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A series of mistakes leads to a deadly collision between two criminals and a drug kingpin in Clark Duke’s directorial debut ‘Arkansas.’

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Think of ‘The Wretched’ as the peanut butter and jelly sandwich of horror: you’re unlikely to be surprised by what you’re getting, but you’ll certainly take it in without any complaint.

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‘Deerskin’ is a brutally weird movie with a rambling narrative that often feels more interested in its thematic elements than its plot and character ones.

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Dan Bush’s ‘The Dark Red’ is definitely watchable, but almost infuriating in how little it seems to regard its tonal shifts. Rather than “yes, and,” it chooses instead to go for “and then,” switching from one genre to another, choosing to keep the various aspects distinctly and ineffectively separate.

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While these docs all stand on their own, as binged series, the interconnectedness of all these titles, genres, and personages come together in a very gratifying way.

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Kirill Sokolov’s ‘Why Don’t You Just Die!’ is an astonishingly well-constructed piece of filmmaking, and the sort of movie destined to become necessary viewing for anyone who likes a chuckle with their shotgun blasts.

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In the end, nothing is truly gained from watching this. I don’t see the point in timing this around the unofficial marijuana “holiday” of 4/20. This was more of a bad trip than anything else.

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In these unprecedented times, Amazon Prime’s ‘Selah and the Spades’ is a breath of fresh air we all need.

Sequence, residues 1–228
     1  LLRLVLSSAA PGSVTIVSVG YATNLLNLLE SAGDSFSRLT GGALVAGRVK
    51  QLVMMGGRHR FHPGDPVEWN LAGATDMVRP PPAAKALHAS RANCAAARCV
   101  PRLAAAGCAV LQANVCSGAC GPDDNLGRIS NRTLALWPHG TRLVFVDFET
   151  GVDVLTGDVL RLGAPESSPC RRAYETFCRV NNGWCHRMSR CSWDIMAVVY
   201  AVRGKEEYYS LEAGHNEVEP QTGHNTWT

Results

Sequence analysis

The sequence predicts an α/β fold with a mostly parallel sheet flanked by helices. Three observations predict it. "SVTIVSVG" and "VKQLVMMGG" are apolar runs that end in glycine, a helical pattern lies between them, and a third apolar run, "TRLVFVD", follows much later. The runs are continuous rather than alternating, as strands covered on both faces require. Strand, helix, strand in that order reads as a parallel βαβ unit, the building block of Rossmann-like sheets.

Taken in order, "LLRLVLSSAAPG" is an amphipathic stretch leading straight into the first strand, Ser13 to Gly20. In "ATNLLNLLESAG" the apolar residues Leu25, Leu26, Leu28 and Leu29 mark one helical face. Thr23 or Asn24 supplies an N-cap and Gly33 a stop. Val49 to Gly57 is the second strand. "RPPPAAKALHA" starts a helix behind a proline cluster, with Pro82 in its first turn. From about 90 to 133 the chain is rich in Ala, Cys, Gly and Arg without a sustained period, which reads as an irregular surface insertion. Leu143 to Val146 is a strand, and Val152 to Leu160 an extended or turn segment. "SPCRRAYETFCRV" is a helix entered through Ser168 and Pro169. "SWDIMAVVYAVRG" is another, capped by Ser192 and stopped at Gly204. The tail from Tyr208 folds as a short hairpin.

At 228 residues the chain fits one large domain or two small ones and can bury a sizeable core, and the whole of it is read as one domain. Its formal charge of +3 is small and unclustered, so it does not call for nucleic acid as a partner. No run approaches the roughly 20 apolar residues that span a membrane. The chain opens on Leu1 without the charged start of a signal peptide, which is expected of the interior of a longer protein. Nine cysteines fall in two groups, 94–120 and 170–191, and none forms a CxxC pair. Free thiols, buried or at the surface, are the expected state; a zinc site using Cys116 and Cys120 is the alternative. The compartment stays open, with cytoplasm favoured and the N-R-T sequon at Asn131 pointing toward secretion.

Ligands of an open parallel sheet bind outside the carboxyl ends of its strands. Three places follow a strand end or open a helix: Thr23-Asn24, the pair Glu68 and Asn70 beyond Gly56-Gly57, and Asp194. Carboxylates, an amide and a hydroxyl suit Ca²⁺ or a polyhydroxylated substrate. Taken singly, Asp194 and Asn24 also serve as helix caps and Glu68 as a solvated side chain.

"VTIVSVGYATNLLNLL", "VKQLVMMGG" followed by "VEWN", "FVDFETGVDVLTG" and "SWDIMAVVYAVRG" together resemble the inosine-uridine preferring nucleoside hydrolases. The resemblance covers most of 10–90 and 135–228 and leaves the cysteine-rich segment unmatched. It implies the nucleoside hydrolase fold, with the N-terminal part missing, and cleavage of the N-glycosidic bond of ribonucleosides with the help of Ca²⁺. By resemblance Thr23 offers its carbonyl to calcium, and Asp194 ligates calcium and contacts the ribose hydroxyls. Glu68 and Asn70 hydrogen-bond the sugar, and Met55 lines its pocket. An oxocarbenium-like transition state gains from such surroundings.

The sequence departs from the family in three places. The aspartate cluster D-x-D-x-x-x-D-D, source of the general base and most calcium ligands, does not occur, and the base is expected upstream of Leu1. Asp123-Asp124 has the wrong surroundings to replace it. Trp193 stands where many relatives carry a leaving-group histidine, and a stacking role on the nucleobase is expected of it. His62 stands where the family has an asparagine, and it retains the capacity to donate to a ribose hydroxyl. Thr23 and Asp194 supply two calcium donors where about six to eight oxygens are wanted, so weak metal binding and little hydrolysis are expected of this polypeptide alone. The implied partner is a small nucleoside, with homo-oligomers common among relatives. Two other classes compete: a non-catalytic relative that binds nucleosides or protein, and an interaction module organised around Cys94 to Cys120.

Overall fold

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A 30-something woman navigating through love and heartbreak over the course of one year.

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This is a great film for the Fantastic Fest audience and those who love twisted humor.

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Interesting, though a bit fragmented during its final 10-15 minutes, ‘The Quarry’ feels like Cormac McCarthy Lite.

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Marc Meyers’ heavy metal horror flick ‘We Summon the Darkness’ starts strong, but soon turns into a standard stalk-and-slash.

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A Carpe Diem fever dream about love, loss, failure, fate, and time travel, ‘Same Boat’ is a delightful little surprise.

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A sci-fi suspense thriller that’s as interesting as it is ambitious, Vivarium probes the evolving nature of the human condition and notions of “home.”

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Bill Nighy and Annette Bening give masterful performances in William Nicholson’s new divorce drama. The characters aren’t always likable, but the lead’s performances will keep you entertained throughout.

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